India had spent a considerable amount of money last year on conducting road shows in several countries to attract Buddhist tourists, and it looks like the government is taking measures this year towards achieving this feat.
During inauguration of a webinar on Cross Border Tourism, Tourism and Culture Minister Prahlad Singh Patel brought focus on the fact that India is known as the &lsquoLand of the Buddha&rsquo and endowed with a rich Buddhist heritage. Yet, it attracts a very small percentage of Buddhist pilgrims from other countries.
The webinar was hosted by the Association of Buddhist Tour Operators and involved participation from the UN Peacekeeping Forces Council, Travel and Hospitality Associations of Afghanistan, Bangladesh, Bhutan, Cambodia, Indonesia, Myanmar, Nepal, Sri Lanka, Thailand, and Vietnam amongst many others.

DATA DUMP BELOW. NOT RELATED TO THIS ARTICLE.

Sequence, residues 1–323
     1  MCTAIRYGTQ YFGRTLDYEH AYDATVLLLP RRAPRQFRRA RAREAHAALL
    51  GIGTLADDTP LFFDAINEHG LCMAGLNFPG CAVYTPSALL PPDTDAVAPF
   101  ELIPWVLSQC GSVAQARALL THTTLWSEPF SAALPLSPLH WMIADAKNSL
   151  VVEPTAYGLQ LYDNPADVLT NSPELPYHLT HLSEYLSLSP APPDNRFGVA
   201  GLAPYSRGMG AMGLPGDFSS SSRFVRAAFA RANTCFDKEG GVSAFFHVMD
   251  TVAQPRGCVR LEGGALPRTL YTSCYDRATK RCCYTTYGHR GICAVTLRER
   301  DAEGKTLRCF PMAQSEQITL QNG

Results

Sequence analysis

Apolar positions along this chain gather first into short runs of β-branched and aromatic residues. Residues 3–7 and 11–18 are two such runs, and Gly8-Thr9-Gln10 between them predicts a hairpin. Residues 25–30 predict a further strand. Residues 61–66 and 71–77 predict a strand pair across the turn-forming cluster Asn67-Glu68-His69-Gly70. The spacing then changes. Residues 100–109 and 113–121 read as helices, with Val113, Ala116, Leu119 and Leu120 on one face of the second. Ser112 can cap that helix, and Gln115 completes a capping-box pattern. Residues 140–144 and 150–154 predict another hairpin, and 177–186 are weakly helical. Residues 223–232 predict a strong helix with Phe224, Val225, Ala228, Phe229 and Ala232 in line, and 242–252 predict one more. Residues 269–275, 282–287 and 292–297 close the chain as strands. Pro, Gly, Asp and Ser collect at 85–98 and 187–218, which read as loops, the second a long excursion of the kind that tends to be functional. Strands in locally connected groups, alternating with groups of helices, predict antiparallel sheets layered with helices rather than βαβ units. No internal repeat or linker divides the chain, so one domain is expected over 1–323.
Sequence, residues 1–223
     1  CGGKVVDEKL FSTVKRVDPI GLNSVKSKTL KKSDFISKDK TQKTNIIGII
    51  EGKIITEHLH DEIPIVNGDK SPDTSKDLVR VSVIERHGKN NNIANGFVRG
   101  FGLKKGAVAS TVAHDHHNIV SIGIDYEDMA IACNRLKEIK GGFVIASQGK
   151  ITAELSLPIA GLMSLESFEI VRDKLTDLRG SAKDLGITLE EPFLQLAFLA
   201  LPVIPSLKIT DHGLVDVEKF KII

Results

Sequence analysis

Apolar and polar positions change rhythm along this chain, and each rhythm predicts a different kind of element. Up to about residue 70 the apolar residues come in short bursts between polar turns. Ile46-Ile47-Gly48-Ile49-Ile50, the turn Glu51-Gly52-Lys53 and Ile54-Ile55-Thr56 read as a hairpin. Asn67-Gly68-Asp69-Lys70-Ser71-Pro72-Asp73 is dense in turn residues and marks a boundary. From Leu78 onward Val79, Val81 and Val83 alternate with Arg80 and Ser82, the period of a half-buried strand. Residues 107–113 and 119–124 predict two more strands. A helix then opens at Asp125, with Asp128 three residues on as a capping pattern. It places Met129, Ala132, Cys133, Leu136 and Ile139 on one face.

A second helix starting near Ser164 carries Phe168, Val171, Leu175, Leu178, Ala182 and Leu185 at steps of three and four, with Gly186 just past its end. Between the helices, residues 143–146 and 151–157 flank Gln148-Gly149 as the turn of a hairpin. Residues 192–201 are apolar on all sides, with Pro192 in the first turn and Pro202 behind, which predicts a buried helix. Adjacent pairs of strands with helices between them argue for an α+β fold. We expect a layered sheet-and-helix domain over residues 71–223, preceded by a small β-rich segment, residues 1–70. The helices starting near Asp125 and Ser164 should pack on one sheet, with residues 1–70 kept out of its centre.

Patel said that signages will be installed in foreign languages at Buddhist destinations like Sravasti, Sarnath, Kushinagar and others. This has already been implemented in Sanchi, which receive a great deal of Buddhist tourists from Sri Lanka. He also highlighted the decision of the Centre to declare the Kushinagar airport in Uttar Pradesh as an international airport aimed at promoting tourism.
According to studies in 1950, fewer than 200,000 Buddhists remained in India. The population swelled after Buddhist refugees from Tibet moved to India following the Chinese invasion in 1959, including the Dalai Lama.